My problem is that my computer mice always fail the same way - by malfunctioning main buttons!

I do buy expensive optical cordless mice from Logitech since decades now.
But it's always the same:
First the left mouse button "breaks" (1), then I try to shift most actions to the right one (2), then both of them get unusable. Finally I have to buy another expensive branded product.

(1) By "breaking" I mean defective, loose or even chattering contacts which sometimes fire without my intention to hit the button, reforming single clicks into double or multiple clicks, losing contact while I try to draw something across the screen. ... I think you'll get the picture.
(2) Despite tools or settings to switch the functionality between both main buttons there's mostly the possibility to use context menus or even to use both buttons interchangeably, e.g. if you're working on Android emulators.]

A malfunctioning mouse button like explained can be at least bothersome in some games where you die a lot more often due to these issues - but outside games it can be really dangerous, clicking on arbitrary buttons, choosing options you wouldn’t want to touch, double-clicking things you only want to select, dropping files or other objects to wrong places (Recycle Bin?)!

I really do not want to look at my branded computer mouse as some kind of consumable. I also hit the buttons of my keyboard very often (even if this distributes to much more of them), but I can still use my first keyboards, decades later!

What I’ve done (despite repurchasing):
I’ve already researched the matter of chattering mouse buttons but only found instructions to open the case and try to clean the micro-switches. But with my current Logitech laser mouse I cannot do this. Maybe the sliding points hide the screws. I cannot remove them, because this would destroy the material and I do not know where to get replacement sliding points.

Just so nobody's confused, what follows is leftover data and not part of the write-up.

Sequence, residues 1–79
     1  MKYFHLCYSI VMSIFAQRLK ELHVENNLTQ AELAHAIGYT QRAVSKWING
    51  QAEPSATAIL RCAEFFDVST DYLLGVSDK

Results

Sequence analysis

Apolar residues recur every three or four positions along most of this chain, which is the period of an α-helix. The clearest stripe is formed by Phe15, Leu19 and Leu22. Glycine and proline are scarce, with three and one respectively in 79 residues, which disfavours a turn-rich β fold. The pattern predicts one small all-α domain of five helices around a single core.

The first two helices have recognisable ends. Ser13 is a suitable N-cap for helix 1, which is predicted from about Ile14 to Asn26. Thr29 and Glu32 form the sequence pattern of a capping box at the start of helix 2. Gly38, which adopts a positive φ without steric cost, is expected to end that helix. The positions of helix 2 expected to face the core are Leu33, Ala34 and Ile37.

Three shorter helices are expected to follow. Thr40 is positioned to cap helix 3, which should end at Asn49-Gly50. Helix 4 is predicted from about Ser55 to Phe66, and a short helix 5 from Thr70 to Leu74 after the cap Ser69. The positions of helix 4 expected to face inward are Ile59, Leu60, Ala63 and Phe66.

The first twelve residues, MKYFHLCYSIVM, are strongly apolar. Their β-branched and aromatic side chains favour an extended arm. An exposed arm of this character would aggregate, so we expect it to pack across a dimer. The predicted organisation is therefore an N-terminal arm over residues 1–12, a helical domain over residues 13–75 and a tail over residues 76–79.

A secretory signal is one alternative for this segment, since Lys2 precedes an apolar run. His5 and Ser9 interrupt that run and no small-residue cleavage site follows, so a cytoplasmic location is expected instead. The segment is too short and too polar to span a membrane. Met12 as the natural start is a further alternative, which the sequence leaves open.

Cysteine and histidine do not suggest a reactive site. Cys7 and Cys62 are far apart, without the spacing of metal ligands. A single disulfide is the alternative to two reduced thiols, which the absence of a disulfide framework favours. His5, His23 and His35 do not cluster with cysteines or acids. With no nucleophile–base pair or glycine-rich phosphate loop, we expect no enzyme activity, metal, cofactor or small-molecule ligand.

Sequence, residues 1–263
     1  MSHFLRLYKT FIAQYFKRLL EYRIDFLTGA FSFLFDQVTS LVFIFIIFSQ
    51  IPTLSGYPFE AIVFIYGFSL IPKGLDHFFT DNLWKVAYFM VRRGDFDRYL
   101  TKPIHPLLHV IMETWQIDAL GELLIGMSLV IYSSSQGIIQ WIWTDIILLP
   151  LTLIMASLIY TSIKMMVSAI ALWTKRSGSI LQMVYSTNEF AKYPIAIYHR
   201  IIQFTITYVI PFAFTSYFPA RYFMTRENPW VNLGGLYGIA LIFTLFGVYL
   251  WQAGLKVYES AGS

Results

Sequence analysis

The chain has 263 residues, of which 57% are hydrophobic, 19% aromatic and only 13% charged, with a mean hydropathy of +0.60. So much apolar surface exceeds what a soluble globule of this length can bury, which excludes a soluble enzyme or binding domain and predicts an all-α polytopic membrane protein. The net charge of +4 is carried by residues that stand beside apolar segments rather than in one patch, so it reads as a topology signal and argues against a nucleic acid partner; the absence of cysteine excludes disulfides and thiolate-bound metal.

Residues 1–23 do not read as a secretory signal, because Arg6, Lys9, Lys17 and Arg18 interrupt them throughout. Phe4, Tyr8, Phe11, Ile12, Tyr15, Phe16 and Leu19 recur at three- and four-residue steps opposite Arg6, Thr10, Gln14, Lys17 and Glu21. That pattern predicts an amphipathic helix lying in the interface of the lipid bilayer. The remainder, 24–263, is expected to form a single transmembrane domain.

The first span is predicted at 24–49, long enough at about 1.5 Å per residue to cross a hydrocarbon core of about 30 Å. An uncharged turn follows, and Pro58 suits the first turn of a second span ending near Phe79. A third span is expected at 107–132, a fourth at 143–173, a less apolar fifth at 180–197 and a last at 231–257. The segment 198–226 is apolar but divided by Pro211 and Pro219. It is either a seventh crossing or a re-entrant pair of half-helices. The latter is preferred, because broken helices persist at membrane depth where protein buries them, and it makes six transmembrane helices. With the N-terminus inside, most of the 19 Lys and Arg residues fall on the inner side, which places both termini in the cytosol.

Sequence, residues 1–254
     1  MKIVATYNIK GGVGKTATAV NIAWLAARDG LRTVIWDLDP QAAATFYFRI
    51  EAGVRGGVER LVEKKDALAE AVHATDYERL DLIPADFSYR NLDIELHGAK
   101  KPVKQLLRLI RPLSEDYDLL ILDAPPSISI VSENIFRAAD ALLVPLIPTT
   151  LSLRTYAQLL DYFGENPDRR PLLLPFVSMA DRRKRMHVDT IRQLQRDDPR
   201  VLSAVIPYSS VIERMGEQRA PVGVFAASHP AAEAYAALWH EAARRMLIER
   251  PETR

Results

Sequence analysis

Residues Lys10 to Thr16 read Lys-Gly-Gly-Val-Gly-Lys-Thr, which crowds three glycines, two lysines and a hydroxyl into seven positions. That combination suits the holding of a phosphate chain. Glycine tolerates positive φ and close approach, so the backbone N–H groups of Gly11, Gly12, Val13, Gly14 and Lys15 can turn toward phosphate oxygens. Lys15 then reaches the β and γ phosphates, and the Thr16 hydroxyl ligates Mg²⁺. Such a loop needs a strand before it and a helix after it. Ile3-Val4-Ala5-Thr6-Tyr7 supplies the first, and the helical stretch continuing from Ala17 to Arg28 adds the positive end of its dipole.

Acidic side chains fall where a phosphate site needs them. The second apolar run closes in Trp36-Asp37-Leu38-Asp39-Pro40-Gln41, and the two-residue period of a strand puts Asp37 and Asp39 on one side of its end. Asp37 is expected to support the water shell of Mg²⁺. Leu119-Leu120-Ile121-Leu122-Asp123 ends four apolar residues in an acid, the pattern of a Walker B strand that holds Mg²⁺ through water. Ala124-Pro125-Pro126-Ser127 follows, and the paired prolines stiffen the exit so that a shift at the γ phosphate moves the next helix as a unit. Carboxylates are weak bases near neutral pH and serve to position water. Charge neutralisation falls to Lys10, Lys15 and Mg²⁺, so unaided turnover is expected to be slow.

So, to summarize my overall question:
Is there a big manufacturer which produces better quality mice with a higher life expectancy of the buttons than Logitech products?
(I’m not interested in small producers with only local availability.)

  • Which model of Logitech mouse have you been using? I have a 10 year old Dell wired mouse that gets used 10 hours a day with no issues. That being said I have Logitech Wireless mice almost exclusively throughout my office and have never had this issue.
    – Jeff
    Feb 9, 2017 at 15:00
  • 2
    Maybe your are just hard on your stuff. You don't state what kind of usage is going on, hardware can be poorly built, defective, or wear out. But we don't know what you are doing with your hardware, so we could all suggest what works for us but it might not meet your expectations (or abuse).
    – user1691
    Feb 9, 2017 at 15:46
  • Well, you could try some of the high end gaming mice. I am using a MadCatz R.A.T. 7. My previous was a R.A.T.7 when it was made under Saitek, it lasted for years and though heavy....and by that I mean gaming level heavy use. Feb 9, 2017 at 16:29
  • Im a logitech fan, been using an m705 since they came out. What I can tell you about them, they hate any kind of dust. I actually bought replacement feet pads, and took my mouse apart and cleaned it with canned air. With that said, what model do you have? Feb 9, 2017 at 18:30
  • 1
    @Mark Not quite OOB, were absorbed by HP Feb 9, 2017 at 23:31

2 Answers 2


If you just want a basic mouse without twenty-seven buttons and assignable macros, etc etc: I'd recommend my HP BR376AA.

  • Five buttons: left, right, scroll, and two "thumb" side keys (which are mapped by default to browser forward/back).
  • Excellent durability: I've had it for... five years? without it wearing out in the slightest.
  • Around £40/$48, which is on the expensive side for a mouse, but the durability probably saves you enough to make up for it.
  • cough expensive for a basic mouse. Also, I am skeptical about HP making the actual mouse........HP and quality have not seemed to go hand in hand in........forever? Feb 11, 2017 at 5:29

The best mouse I ever owned, and really the only mouse I've ever seen with a cult following, is the Logitech MX518. People buy these for $150+ because they were so reliable and no longer newly available. Its successor, the G400, is basically the same thing after doubling the DPI of its sensor and taking away the faux-impacted-metal design.

Speaking from experience, my MX518 worked consistently for 9 years until it developed the ole' "thinks a single click is two clicks" issue. Not bad for over 8000 hours of use for its life. It was a very sad day when I retired it and replaced with a Steelseries Sensei (only a year in but hey it's a decent mouse so far).

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